After of day of staring up into mostly-cloudy skies, I was very tired. However, I had seen promotions for The Discovery Channel’s “The Challenger Disaster” and wanted to watch it. After filing and editing stories, I was hoping for…well, I don’t know what I was hoping for. I wanted something that spoke to me as a believer in space exploration. I doubted anything relating to the STS-51L mission would be able to do that, but opted to tune in anyway. What I watched helped to inspire me – but not in the way anyone might normally expect.
The two-hour show detailed the experiences of (primarily) Dr. Richard Feynman and his experiences on the Rogers Commission (the presidential commission tasked with finding out why the accident occurred). As one might expect, the tragedy that has been inflicted on NASA by politics is touched on. However, that is not the thing which was most important about “The Challenger Disaster.” Rather, it serves as a indicator that much of a somewhat-forgotten history is being remembered, or at least discussed in the public forum for the first time in quite some time.
Space enthusiasts, those that brave the cold, the early hours, the bureaucracy – have seen a wealth of documentaries about NASA, but have not seen many narratives that speak to the soul of who we are as a “people” (segmenting space fans as a ‘people’ might be a stretch, but bear with me). To be sure, “The Right Stuff”, “From the Earth to the Moon” and “Apollo 13” have helped our shared history enter into the public consciousness. But when one views these productions as a whole, they tend to just focus on the missions – and not the broader experience, those instances that take place on the periphery of the spectacle of space flight.
The public views spaceflight on the hazy edges of their perception, it is something they pay attention to when celebrities or politicians tell them that it is appropriate to do so. “The Challenger Disaster” aired on Nov. 16, two months before the next anniversary of the loss of the OV-099 and her crew of seven. By having it air on a night not tied to a date the public links with the event says that crewed spaceflight, after over half-a-century, has started to merge into something that is open for discussion at anytime, on any date.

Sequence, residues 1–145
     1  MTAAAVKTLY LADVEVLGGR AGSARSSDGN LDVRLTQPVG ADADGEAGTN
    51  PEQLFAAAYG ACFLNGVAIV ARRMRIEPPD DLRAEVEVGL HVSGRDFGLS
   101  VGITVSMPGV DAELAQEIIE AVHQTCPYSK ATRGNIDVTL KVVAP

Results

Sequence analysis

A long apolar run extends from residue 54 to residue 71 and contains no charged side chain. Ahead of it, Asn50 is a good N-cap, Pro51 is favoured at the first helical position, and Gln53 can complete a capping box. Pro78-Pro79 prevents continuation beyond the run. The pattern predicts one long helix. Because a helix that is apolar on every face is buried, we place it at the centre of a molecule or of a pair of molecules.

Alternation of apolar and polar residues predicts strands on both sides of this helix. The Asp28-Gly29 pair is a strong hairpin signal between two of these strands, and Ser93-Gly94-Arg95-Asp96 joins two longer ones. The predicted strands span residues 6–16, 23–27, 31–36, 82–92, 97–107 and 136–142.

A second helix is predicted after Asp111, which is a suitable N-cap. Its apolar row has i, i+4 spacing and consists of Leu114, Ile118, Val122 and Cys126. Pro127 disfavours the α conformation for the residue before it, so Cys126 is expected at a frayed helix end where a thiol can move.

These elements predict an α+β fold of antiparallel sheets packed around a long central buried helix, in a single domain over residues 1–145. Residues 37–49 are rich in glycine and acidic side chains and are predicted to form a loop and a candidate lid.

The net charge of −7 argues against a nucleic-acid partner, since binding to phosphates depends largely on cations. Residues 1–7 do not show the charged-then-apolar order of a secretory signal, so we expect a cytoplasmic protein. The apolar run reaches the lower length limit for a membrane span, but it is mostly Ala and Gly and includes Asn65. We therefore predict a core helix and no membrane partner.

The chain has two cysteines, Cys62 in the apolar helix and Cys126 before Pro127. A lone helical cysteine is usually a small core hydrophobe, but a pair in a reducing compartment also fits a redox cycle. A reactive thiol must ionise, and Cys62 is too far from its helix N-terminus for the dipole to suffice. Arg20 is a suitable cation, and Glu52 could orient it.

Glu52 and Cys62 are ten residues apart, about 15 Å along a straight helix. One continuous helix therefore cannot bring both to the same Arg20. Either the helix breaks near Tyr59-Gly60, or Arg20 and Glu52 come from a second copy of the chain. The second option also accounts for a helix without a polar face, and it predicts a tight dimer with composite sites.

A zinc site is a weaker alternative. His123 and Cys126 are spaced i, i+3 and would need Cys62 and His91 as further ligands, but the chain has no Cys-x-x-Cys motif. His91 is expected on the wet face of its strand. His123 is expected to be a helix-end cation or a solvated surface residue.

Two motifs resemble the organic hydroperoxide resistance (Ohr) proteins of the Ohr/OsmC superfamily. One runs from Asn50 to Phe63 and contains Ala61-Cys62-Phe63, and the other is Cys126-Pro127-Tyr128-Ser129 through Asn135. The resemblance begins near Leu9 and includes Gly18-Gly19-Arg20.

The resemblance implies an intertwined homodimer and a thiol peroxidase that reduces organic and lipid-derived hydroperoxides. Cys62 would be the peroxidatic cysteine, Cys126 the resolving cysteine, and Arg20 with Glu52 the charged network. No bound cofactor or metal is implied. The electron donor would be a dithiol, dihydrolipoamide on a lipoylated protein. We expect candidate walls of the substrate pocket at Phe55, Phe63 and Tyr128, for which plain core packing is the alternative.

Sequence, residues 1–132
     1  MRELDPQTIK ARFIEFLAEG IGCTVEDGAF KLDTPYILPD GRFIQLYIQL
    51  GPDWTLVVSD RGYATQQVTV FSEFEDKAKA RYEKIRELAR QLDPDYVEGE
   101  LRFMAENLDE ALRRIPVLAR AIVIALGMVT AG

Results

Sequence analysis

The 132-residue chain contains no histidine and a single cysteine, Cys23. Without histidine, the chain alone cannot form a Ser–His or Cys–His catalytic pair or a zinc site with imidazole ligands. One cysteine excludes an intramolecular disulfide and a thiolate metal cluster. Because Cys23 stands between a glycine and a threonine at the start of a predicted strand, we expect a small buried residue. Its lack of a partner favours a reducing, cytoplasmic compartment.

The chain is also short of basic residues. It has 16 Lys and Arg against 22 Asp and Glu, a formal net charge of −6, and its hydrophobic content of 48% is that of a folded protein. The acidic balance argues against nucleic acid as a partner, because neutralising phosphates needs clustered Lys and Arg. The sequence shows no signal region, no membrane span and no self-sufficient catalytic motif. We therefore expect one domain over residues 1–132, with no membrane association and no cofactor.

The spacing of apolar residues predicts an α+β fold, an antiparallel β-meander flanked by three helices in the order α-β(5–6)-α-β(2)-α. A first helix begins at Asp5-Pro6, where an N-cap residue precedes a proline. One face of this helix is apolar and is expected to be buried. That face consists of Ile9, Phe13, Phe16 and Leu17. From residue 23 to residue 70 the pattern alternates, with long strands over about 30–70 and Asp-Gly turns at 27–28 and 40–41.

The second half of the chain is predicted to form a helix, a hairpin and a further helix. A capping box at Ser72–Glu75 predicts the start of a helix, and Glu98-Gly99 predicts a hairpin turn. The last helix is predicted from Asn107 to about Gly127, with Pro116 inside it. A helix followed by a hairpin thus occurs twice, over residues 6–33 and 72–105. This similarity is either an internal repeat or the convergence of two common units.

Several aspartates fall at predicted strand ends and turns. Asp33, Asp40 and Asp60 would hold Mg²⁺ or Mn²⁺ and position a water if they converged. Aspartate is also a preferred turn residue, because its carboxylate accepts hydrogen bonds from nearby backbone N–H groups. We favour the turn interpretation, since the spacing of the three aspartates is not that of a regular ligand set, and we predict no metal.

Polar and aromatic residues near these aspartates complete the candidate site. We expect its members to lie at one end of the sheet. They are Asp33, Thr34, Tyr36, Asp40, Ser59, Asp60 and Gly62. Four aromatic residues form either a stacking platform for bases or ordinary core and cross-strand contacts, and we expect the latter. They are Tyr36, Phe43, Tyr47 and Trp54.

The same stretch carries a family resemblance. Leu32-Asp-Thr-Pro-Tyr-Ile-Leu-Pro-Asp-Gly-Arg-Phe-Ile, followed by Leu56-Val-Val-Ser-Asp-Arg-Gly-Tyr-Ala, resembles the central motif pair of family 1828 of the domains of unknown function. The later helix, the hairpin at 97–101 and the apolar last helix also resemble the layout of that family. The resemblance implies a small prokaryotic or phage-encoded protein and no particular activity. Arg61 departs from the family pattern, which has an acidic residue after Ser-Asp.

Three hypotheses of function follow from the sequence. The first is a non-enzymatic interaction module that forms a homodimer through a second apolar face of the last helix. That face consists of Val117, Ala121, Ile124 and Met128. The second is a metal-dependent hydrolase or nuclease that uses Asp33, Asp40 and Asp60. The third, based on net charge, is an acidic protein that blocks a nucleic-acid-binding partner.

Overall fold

“The Challenger Disaster,” while doubtlessly takes creative licence with some (many) of the personal conversations, the interplay between William Hurt, who plays Richard Feynman and General Donald J. Kutyna, played by Bruce Greenwood (Admiral Pike from the recent Star Trek films) is inspired. It makes the events that took place right after the Challenger accident easy for anyone to relate to.
Until now, the NASA story has been largely told about the programs and the launches that took place under them.“The Challenger Disaster” strays from this template. It details one of the last endeavors of a theoretical physicist and his experiences on a presidential commission. Breaking from the norm, it focuses on something the public has, in large part, only heard in talking points.
This film fills a crucial void, it is a vital extension in the space story, “our” story – “our” history. Is it pretty? No. Several scenes, including one within the Pentagon showing the dynamics within NASA, paint the agency in a very unflattering light.